Tag Archives: Emancipation Proclamation

23 July 1863: “I have made myself a leg which I am beginning to use in walking about the farm.”

Item Description: Letter, dated 23 July 1863, from Walter Waightstill Lenoir to his brother.  Walter was a lawyer in Lenoir, N.C. before the war.  He had enlisted in the North Carolina 58th Infantry by early 1862 but was wounded at Ox … Continue reading

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12 February 1863: “I am here gathering up conscripts straglers and absentees and hope you will come up before I leave”

Item description: Letter, 12 February 1863, from Robert E. Brumby to his sister Sarah Simpson, while he was on leave in Goodman, Mississippi. [Item transcription available below images.] Item citation: From the Simpson and Brumby Family Papers, #1408-z, Southern Historical Collection, The … Continue reading

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8 February 1863: “My chief hope & aim in coming here was to protect loyal men, and to encourage the people to return to their allegiance to the Union.”

Item description: Letter, 8 February 1863, to U. H. Wheeler of Washington, N.C., from Edward Stanly in New Bern, N.C. Stanly was a native of New Bern who had practiced law in Washington, N.C.; had been a Whig member of … Continue reading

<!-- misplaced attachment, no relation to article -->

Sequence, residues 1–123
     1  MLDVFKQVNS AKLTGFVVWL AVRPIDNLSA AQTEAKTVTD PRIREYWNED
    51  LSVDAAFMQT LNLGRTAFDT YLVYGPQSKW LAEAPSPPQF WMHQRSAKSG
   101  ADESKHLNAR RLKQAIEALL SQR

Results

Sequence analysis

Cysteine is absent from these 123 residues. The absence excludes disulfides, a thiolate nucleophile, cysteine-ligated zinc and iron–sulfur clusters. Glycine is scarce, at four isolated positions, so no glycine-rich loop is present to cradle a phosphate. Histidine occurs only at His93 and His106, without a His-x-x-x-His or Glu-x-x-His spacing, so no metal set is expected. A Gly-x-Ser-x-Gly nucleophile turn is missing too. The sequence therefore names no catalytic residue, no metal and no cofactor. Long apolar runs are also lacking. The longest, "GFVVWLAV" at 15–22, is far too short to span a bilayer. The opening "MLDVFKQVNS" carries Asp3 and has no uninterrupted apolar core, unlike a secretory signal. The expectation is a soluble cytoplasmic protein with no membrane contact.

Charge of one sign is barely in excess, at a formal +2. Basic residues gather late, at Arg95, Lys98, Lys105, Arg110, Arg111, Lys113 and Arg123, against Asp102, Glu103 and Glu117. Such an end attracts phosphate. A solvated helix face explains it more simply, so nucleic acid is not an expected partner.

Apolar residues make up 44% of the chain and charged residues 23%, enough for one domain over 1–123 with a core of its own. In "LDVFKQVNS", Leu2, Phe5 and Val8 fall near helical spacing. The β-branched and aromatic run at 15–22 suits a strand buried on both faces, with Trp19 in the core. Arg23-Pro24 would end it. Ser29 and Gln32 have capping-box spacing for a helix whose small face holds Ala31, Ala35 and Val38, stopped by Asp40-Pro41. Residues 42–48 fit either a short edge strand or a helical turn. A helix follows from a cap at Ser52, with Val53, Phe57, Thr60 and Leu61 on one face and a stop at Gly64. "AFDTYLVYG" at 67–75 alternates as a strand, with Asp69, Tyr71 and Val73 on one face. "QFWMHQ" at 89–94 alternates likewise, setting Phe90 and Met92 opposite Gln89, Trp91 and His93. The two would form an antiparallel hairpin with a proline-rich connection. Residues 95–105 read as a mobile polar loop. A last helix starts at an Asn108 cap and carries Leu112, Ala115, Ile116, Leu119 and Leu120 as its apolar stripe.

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26 January 1863: “…for my part I want them all free and I should like that the war was over for I would like to be at home…”

Item description: This letter, dated 26 January 1863, was written by Andrew Sproul to his wife in Ohio. Sproul, a private in the Union Army, describes activities near the mouth of the Yazoo River in Mississippi. Of particular interest are … Continue reading

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2 January 1863: “…the ladies were under a guard of Federal Soldiers haing spent the night in Jail and part of the time in a Criminals Cell!!

Item Description: Rev. Overton Bernard recounts the changing social conditions brought about by Union occupation and notions of emancipation. A white slave owner’s son, wife, and his wife’s friends were briefly imprisoned after an enslaved or servant woman was slapped for her … Continue reading

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1 January 1863: “Today is the period fixed for Mr. Lincoln’s unwise and unconstitutional emancipation proclamation…Thousands of the Poor deluded Negroes have left their homes…”

Item Description: Rev. Overton Bernard depicts the impact of the Emancipation Proclamation on the enslaved African Americans. Item citation: From folder 2 of the Overton and Jesse Bernard Diaries #62-z,  Southern Historical Collection, Wilson Library, University of North Carolina at Chapel Hill. Item transcription: … Continue reading

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8 December 1862: “He calls his famous proclamation a contemplated emancipation scheme.”

Item: article from the Carolina Watchman (Salisbury, N.C.), 8 December 1862 (Volume 20: number 29), page 2, column 3. Transcription: LINCOLN’S MESSAGE. Petersburg, Dec. 4.—The N. York Times, of the 2nd, has been received here.  Lincoln’s message was read on … Continue reading

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